It can become overwhelming to follow non-stop news in an age of gun violence, war and political division. And amid our many ongoing challenges – the pandemic, climate change, economic uncertainty – it is understandable to be sad, angry and anxious.
As a clinical psychologist who specializes in giving people tools to deal with intense emotions, I know how hard it can be to stay positive — or just balance — when we care deeply about our world. Some of my clients say they can’t stop doomscrolling, others engage in unhealthy behaviors to turn it off, and many bounce between the two extremes.
But it is possible to anchor yourself if you feel like you are despairing of the state of the world. I rely on these seven mindfulness-based strategies for myself and my clients to stay grounded.
1. Label your feelings.
If you can precisely name the emotion you are experiencing in that moment, you can reduce its power in your body and brain. Mention whatever emotion you’re feeling, whether it’s sadness, fear, anger, disgust, or guilt — and how intensely you experience it. Say it out loud, use a mood tracking app like Daylio, Reflectly or Moodnotes or write down your feelings in a journal.
However, try not to wait for your feelings to peak. Get into the habit of naming your emotions as they come. By following their intensity, you can slow down before reaching a boiling point and lose yourself in brooding or ruminating, snapping at someone, or mindlessly grabbing a substance.
2. Allow yourself to feel emotions too.
If you try to avoid your feelings, they will intensify, said Melanie Harned, a psychologist with the VA Puget Sound Health Care System and the author of “Treating Trauma in Dialectical Behavior Therapy.” When you are emotionally moved by a news story, take a moment to notice what you are thinking, doing and feeling in your body. Choose what’s most helpful at the time — whether that’s a window to feel your emotions for a few minutes, without trying to change them, or, if you’re in the middle of an urgent task, planning to redo painful news. at a time when you can mourn.
One way to improve your ability to deal with emotions is to remember that they can fluctuate quickly. An exercise that helps my clients stop worrying about getting trapped in their feelings is to watch several short, emotional scenes in succession – the deathbed scene from the movie “The Champ” followed by a clip from the music video for Pharrell Williams’ “Happy”. Trying this may find you bursting into tears one minute and dancing or laughing in your chair the next. The goal is to understand how that same impermanence can apply to the variety of emotions you experience when you stay present throughout the day.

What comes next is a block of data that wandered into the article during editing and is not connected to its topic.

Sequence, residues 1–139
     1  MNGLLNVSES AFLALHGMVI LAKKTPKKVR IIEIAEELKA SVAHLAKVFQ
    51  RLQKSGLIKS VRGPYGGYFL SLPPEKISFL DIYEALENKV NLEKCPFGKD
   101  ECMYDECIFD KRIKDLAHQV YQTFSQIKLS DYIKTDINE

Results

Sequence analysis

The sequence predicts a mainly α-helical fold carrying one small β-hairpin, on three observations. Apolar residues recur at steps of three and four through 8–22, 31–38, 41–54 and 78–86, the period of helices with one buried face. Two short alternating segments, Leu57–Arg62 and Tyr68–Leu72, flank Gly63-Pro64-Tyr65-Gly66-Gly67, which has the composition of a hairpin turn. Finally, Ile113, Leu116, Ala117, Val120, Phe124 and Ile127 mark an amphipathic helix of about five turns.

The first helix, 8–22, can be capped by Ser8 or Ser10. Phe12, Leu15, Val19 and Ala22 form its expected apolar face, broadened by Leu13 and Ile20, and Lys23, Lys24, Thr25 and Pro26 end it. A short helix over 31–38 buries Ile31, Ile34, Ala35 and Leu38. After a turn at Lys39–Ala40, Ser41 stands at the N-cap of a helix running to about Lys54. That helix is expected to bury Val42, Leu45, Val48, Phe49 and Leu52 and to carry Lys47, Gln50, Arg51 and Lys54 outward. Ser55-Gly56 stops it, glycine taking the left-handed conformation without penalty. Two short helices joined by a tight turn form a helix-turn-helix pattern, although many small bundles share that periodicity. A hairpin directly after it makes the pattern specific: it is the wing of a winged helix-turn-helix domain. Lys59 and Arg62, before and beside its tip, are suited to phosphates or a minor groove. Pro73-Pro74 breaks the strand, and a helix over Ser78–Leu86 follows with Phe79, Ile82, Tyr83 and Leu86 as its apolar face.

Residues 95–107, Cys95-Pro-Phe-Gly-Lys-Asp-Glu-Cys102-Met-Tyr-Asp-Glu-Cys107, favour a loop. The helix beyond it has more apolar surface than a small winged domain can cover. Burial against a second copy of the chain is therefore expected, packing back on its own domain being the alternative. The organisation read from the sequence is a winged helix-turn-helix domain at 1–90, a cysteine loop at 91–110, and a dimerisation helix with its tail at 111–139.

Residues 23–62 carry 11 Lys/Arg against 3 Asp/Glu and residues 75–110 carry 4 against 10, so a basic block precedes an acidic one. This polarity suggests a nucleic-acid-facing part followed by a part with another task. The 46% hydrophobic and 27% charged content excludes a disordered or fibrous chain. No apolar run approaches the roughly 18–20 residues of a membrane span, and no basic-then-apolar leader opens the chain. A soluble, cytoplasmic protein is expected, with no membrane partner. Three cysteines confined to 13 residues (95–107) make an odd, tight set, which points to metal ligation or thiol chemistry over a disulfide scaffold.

Understandably, in the wake of tragedy, it can also be tempting to narrow the scope of your life to avoid painful emotions. For example, after hearing about mass violence in a supermarket, as we did in the horrific shootings in Boulder and Buffalo, it’s natural to feel uncomfortable when you go shopping. Keep in mind that allowing yourself to experience your emotions, including anxiety, while returning to a routine will eventually improve your anxiety, said Dr. Harned.
3. Practice different kinds of empathy.
You can feel driven to make a difference and help without identifying too much with someone else’s pain. “We’ve learned that the way to help others is empathy, but that can be a trap,” said George Everly Jr., a professor at the Johns Hopkins School of Public Health who specializes in crisis intervention and resilience.
In his work to reduce burnout among humanitarian workers, Dr. Everly taking perspective, or trying to understand the world from another person’s point of view in the moment, rather than including yourself in their emotions, pushing the line between what they are experiencing and your experience.
“There’s a difference between being aware and being immersed and enveloped,” says Sharon Salzberg, a leading mindfulness teacher and author of “Real Change: Mindfulness to Heal Ourselves and the World.”